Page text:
It doesn't matter what you do in life, there are no short cuts. No easy way. So DREAM BIG!! And never give up. But be ready to work like you've never worked before. 

Stay in school. Never stop learning. And believe in yourself. Most importantly, love what you do, have fun. That makes work really easy.  

7 Ways to Manage Acute Injuries

Rule #1: A good historian can lead to an accurate assessment and better treatment results.

Try to determine what happened during the incident and write it down - Did the symptoms appear immediately or gradually? How would you describe the symptoms? Was there a noise (e.g., pop/crack)? 

Rule #2: When certain that no immediate medical intervention is needed, address the acute pain.

A) Apply ice for a few days while the acute pain exists.
B) Consider taking an analgesic or anti-inflammatory medication for a couple days to help cope with the initial pain. 
C) Apply gentle compression (e.g. tensor bandage).

Rule #3: Most acute pain will disappear with a few days of rest, unloading the injured structure and then slowly introducing pain free movement and exercise.

If pain continues after more than a few days of rest, it is likely that you will benefit from seeing your AF sports therapy practitioner to determine the cause and provide appropriate treatment in conjunction with your AF sports conditioning coach.

Rule #4: Continue to exercise in ways that does not irritate the injury.

As a general rule, the body loves movement. The more we can move without pain, the more our brain understands that it does not need to create muscle spasm to protect our body after an injury.  As a result, our movement will have fewer compensations, and healing usually occurs faster. 

Rule #5: Healthier and younger bodies heal quicker.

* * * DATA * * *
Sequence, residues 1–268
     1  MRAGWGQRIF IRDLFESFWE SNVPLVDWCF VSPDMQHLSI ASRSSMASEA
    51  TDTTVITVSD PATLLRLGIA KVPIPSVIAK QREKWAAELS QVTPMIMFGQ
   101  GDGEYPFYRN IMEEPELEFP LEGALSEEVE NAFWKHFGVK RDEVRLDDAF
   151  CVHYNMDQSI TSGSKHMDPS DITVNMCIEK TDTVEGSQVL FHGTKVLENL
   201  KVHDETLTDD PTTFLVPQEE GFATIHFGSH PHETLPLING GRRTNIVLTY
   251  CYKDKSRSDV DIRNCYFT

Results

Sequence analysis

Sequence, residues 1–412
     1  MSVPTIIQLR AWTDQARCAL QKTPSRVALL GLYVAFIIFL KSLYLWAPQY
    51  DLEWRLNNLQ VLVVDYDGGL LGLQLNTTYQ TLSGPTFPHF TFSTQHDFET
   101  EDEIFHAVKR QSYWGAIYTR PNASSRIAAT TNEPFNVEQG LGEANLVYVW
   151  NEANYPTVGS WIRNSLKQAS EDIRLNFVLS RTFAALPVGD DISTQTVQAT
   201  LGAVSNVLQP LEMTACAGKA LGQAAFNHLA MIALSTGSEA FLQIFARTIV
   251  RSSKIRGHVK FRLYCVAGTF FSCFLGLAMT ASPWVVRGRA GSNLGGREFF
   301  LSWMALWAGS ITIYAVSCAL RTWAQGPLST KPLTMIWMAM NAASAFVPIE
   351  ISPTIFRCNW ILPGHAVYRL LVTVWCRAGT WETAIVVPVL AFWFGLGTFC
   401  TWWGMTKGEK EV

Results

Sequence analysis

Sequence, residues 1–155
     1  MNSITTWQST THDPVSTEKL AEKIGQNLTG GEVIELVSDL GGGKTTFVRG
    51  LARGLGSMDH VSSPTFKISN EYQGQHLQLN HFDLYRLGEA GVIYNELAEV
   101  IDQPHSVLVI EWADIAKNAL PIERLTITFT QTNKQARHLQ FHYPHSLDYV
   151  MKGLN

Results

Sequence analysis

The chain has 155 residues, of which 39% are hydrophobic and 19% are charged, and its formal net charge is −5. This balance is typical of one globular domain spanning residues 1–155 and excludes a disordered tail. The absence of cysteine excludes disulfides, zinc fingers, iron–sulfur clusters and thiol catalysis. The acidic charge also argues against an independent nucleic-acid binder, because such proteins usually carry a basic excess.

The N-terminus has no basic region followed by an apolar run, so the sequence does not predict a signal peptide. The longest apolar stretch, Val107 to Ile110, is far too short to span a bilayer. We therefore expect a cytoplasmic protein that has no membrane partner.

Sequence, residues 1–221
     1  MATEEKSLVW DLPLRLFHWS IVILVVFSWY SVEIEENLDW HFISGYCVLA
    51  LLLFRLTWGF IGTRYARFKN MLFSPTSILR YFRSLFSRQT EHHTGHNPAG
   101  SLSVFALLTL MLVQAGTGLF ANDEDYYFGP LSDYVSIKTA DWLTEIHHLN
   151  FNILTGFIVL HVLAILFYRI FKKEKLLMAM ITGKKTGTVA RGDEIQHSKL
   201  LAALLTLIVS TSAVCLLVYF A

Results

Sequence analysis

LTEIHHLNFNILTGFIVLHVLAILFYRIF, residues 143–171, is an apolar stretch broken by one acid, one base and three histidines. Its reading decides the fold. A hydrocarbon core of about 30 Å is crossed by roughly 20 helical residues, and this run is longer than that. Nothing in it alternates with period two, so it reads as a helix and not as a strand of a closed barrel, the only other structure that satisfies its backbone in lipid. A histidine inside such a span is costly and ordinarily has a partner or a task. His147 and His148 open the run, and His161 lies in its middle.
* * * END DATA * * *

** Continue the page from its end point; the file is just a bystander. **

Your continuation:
Healing is quicker in people with healthy bodies, immune systems, and lifestyle habits. Optimize what you have control over: eat healthy and often, drink 8+ glasses of water, maintain activity as possible, sleep more than you usually would, reduce your stress levels, reduce risk factors for colds/flues/illnesses.

Rule #6: Our tissues heal in a sequential pattern.  Take advantage of it.

Your tissues heal in the same order as every other human.  The amount of time needed is dependent on factors discussed in Rule #5, but estimates are provided for a healthy adult.  Tissues undergo the following four stages: clot formation, inflammation, proliferation, and maturation.

Rule #7: During the proliferation and maturation phases, gradually increase the tension applied to the injured tissue. 

The safest method is to start with Isolated Contractions: Start by flexing/contracting the affected tissue.  Can you turn on the muscle / make it contract without pain? If so, move on to the next method.

Isometric Exercises:  To do this, build up tension in the muscle by applying force against a stationary object.  Start with 25% of what you think your max could be.  Perform 2 sets of 10 repetitions and hold each for 10 seconds, Over a few days, gradually build up to 50-80% of what you think your max could be. Again all of this should be done without pain.